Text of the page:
African miracle: reviving a sailboat on the beaches of Tanzania

In a small corner of the world on the east coast of Africa, in Dar es Salam in Tanzania, there is a fishing community that goes out to sea every day in traditional sail fishing boats. In the Swahili language these canoes are called angalaua , have an average length of 16 20 feet, and could be described as the ancestors of trimarans. In fact, these boats have a central hull made of mango log, and two side hulls. The fishing fleet includes about 30 of these canoes, but others were in disuse due to the local community’s inability to make them seaworthy again.

Ngo Vpm’s action, embedded in health and environmental projects, included repair and maintenance of the fleet to improve the productivity and safety of fishermen at sea. An action also directed at supporting traditional, non-invasive fishing, while discouraging the dynamite poaching that has become widespread in the area.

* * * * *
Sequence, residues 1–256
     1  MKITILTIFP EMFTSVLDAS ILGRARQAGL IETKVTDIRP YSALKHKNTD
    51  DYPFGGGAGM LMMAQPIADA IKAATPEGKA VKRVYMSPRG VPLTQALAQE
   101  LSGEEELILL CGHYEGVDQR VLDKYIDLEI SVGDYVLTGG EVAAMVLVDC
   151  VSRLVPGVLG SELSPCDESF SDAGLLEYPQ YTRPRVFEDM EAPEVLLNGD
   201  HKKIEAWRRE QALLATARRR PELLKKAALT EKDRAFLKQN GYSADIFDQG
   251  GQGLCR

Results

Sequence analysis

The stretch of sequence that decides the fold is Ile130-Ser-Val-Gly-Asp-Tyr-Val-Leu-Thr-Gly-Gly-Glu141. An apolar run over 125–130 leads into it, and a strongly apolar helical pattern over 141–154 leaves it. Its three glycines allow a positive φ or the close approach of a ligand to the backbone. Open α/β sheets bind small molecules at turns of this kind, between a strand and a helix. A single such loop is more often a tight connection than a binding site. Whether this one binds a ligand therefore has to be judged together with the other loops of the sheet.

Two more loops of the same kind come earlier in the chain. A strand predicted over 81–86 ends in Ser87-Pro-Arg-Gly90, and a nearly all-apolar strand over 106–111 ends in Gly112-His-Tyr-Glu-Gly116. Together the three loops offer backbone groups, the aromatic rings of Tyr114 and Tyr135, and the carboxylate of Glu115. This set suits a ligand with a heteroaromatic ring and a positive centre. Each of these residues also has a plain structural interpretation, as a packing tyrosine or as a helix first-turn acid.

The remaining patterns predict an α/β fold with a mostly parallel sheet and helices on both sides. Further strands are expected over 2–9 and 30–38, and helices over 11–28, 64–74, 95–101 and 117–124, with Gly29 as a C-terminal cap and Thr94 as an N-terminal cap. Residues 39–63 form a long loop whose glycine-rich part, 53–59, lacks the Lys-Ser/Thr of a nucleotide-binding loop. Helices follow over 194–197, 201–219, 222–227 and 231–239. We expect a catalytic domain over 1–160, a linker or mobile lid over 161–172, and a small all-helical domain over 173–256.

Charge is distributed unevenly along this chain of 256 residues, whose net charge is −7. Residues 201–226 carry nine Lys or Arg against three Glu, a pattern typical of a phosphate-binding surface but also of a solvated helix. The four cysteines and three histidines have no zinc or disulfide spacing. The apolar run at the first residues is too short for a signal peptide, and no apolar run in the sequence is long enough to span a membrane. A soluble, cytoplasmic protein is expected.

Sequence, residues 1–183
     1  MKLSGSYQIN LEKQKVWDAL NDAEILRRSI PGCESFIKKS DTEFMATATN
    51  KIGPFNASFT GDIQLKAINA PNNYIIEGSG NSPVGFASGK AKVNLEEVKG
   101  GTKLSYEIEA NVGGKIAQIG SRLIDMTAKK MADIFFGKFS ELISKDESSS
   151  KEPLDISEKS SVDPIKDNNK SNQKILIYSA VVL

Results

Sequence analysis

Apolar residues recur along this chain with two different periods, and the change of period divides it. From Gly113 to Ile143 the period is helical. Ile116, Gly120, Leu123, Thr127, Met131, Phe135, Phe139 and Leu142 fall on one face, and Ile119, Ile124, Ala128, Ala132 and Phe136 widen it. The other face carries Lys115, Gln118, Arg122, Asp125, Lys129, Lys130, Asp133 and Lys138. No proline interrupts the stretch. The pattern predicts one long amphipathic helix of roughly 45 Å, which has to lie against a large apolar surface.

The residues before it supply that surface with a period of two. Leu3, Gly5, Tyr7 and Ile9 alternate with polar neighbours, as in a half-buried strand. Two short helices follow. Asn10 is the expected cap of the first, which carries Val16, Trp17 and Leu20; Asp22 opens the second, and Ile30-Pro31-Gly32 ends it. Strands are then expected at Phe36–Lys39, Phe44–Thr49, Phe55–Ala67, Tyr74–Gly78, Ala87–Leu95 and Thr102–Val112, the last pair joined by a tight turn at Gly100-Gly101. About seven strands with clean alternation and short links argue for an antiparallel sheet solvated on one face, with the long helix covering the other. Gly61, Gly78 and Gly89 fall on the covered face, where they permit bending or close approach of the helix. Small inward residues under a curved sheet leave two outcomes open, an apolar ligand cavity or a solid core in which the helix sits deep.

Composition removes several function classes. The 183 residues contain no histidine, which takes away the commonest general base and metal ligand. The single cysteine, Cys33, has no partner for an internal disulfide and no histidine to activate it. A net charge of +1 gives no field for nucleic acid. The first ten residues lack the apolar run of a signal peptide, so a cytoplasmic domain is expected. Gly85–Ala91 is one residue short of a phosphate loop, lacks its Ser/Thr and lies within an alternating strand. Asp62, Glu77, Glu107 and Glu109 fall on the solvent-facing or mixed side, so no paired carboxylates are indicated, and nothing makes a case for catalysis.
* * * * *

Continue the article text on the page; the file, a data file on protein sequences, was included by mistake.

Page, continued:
Under the supervision of a local shipwright, Juma, an assessment was made on the actual marine suitability of the canoes and then the actual restoration phase began.

Stained wooden parts (rockers and crossbars) are replaced, caulking was done using extinguished car oil. The structural rigging has been replaced.

To complete the equipment renewal, the canoe in this photo will be fitted with a new Swahili Tanga mainsail.

In addition to fishing, these canoes can be used for day tours in the protected area of Sinda Island and/or coastal cruises (adventure-sports), with possible overnight stay in Lodge and/or Tent south to Mafia Island. A way to experience old-time sailing while supporting the fishing community.



Leave a Comment

Your email address will not be published.

Scopri l’ultimo numero

Sei già abbonato?

Ultimi annunci
I nostri social
In evidenza

Può interessarti anche

PHOTO Heart-pounding rescue off the coast of Bonifacio

Even great navigators with many ocean adventures behind them say it: when the Mediterranean gets angry, it is one of the most hostile seas. This was experienced by Pierre Ortolan and Bernard Couston who found themselves yesterday with their X-412

Scroll to Top